delivered direct to their home - that's highly generous
you have to admit. The new album is available in pretty
much any format you might wish for: 320k mp3, FLAC, etc.
The official Kukan
Dub Lagan Bandcamp site holds samples of the various
tracks if you'd like to see what you're getting.
started to work on this album a while ago. It was hard to
collect all the files and I had to re-build the remixes from
zero because most of the files been damaged on my old computer.
From that, it lead to the nice concept of a remixes album
where each track is like a totally new track, as a remix or
new version. I wanted that when the fans would listen to the
tracks, they would recognize and remember the old sound but
at same time would discover new sounds and atmosphere inside.
With the melodica, the percussions, the guitar, drums and
so on, where I took all these live instruments I played and
mixed it with an electronic touch. I made this music for the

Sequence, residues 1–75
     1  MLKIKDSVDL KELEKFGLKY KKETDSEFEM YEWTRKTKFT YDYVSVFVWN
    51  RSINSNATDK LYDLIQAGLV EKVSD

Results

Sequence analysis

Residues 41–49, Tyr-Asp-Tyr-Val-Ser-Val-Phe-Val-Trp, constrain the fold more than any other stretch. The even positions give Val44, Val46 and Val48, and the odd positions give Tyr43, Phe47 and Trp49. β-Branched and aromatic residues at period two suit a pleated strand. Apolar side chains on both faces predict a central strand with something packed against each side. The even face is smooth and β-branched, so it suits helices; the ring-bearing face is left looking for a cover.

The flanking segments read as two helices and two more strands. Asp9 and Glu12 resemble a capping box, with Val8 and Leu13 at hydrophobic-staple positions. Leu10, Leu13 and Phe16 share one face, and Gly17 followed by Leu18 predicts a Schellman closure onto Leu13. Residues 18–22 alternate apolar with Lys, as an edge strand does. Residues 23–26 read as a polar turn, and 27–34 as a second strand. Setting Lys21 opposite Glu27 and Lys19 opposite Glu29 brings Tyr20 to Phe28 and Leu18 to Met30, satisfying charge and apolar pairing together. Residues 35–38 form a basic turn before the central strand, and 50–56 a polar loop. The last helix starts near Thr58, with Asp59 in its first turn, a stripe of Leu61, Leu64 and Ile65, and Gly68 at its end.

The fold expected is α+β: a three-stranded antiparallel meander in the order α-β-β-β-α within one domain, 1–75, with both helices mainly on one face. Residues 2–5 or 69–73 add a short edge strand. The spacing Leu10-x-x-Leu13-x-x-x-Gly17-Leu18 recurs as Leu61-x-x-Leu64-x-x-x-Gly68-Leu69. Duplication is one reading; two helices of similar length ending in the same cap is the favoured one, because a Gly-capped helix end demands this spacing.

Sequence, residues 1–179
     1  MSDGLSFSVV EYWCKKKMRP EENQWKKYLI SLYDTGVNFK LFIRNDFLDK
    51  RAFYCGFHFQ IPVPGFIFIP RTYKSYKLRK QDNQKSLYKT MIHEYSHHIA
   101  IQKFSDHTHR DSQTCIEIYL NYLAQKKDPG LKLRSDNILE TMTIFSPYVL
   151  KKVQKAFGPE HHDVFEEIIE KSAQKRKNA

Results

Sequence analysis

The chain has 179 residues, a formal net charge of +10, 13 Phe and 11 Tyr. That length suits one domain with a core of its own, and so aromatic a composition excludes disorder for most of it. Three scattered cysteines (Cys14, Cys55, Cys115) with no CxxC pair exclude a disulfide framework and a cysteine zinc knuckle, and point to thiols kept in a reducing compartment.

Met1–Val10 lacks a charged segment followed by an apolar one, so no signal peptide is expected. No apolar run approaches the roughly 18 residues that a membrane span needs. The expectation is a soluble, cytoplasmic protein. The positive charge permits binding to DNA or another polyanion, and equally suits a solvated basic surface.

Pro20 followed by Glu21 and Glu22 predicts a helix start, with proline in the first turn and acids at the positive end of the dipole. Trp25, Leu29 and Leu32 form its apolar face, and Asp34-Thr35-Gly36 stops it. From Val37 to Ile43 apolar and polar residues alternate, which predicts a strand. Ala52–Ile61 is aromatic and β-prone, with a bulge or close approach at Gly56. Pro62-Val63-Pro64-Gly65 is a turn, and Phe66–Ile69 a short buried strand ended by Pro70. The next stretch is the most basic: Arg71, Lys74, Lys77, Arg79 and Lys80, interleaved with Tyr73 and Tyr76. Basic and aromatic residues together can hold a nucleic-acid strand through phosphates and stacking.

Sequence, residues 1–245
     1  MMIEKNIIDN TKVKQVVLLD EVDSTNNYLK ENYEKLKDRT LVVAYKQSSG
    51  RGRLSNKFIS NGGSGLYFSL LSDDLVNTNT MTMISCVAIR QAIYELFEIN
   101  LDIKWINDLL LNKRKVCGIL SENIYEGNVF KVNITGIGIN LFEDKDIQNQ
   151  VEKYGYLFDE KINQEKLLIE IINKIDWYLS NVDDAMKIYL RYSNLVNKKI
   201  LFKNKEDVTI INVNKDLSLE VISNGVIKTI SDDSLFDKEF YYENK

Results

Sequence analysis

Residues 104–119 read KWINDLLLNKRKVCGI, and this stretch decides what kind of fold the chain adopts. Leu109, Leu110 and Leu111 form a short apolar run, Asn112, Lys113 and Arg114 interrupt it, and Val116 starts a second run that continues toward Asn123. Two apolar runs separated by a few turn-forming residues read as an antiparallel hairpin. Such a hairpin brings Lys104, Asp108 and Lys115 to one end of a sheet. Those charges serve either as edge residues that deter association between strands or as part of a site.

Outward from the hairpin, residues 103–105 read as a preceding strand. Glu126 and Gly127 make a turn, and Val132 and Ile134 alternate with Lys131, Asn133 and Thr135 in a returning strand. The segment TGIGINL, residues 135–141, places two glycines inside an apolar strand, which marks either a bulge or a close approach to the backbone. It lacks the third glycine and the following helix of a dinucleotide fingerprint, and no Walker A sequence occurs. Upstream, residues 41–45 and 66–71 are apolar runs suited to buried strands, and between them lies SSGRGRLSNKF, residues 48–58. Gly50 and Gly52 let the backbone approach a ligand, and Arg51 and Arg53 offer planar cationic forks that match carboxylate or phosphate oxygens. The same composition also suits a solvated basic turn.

people at same time as for my kids/family.
M y inspiration comes from both of these great waves I am
breathing each day. So we decided to give the 1st 300 customers
a bonus CD (Kukan Dub Lagan 3rd album-New Life New Vision)
to support the people as well and not just to be supported
only as an artist. Kindness and good energy need to go both
Amnis Initiative - Distant Dreams
Dramatic, electronic instrumentals.
Distant Dreams presents a series of broad cinematic soundscapes
inhabiting the same general audio terrain as the legendary
Vangelis. This charming and highly melodic music moves from
stirring themes with climactic booming kettle drums and symphonic
grandeur through ethereally drifting passages where silvery